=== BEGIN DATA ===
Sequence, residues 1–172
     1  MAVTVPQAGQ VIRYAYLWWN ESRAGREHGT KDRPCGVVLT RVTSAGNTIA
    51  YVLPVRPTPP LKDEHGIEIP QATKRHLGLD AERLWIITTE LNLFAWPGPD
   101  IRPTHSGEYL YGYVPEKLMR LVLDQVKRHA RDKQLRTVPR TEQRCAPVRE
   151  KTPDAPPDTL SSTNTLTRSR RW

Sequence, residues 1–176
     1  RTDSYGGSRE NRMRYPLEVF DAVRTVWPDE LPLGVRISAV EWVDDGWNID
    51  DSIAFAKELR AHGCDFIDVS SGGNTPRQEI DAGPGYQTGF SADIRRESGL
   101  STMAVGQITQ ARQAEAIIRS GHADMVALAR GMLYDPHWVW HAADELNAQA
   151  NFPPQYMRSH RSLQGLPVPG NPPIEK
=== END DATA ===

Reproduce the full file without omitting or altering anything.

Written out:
Sequence, residues 1–172
     1  MAVTVPQAGQ VIRYAYLWWN ESRAGREHGT KDRPCGVVLT RVTSAGNTIA
    51  YVLPVRPTPP LKDEHGIEIP QATKRHLGLD AERLWIITTE LNLFAWPGPD
   101  IRPTHSGEYL YGYVPEKLMR LVLDQVKRHA RDKQLRTVPR TEQRCAPVRE
   151  KTPDAPPDTL SSTNTLTRSR RW

Sequence, residues 1–176
     1  RTDSYGGSRE NRMRYPLEVF DAVRTVWPDE LPLGVRISAV EWVDDGWNID
    51  DSIAFAKELR AHGCDFIDVS SGGNTPRQEI DAGPGYQTGF SADIRRESGL
   101  STMAVGQITQ ARQAEAIIRS GHADMVALAR GMLYDPHWVW HAADELNAQA
   151  NFPPQYMRSH RSLQGLPVPG NPPIEK